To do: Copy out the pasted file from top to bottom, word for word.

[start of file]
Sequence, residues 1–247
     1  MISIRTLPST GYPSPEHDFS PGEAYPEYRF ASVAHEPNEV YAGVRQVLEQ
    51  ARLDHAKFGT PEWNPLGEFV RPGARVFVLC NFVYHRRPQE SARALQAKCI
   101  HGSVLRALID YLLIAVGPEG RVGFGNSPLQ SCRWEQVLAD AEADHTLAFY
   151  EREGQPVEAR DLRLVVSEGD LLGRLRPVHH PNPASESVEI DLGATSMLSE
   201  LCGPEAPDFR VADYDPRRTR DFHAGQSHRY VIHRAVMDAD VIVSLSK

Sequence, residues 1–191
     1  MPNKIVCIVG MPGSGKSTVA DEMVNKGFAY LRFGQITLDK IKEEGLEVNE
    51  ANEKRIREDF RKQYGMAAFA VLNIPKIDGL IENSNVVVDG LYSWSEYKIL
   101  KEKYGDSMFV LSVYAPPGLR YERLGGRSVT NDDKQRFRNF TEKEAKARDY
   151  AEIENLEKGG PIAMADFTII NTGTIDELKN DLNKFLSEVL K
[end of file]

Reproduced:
Sequence, residues 1–247
     1  MISIRTLPST GYPSPEHDFS PGEAYPEYRF ASVAHEPNEV YAGVRQVLEQ
    51  ARLDHAKFGT PEWNPLGEFV RPGARVFVLC NFVYHRRPQE SARALQAKCI
   101  HGSVLRALID YLLIAVGPEG RVGFGNSPLQ SCRWEQVLAD AEADHTLAFY
   151  EREGQPVEAR DLRLVVSEGD LLGRLRPVHH PNPASESVEI DLGATSMLSE
   201  LCGPEAPDFR VADYDPRRTR DFHAGQSHRY VIHRAVMDAD VIVSLSK

Sequence, residues 1–191
     1  MPNKIVCIVG MPGSGKSTVA DEMVNKGFAY LRFGQITLDK IKEEGLEVNE
    51  ANEKRIREDF RKQYGMAAFA VLNIPKIDGL IENSNVVVDG LYSWSEYKIL
   101  KEKYGDSMFV LSVYAPPGLR YERLGGRSVT NDDKQRFRNF TEKEAKARDY
   151  AEIENLEKGG PIAMADFTII NTGTIDELKN DLNKFLSEVL K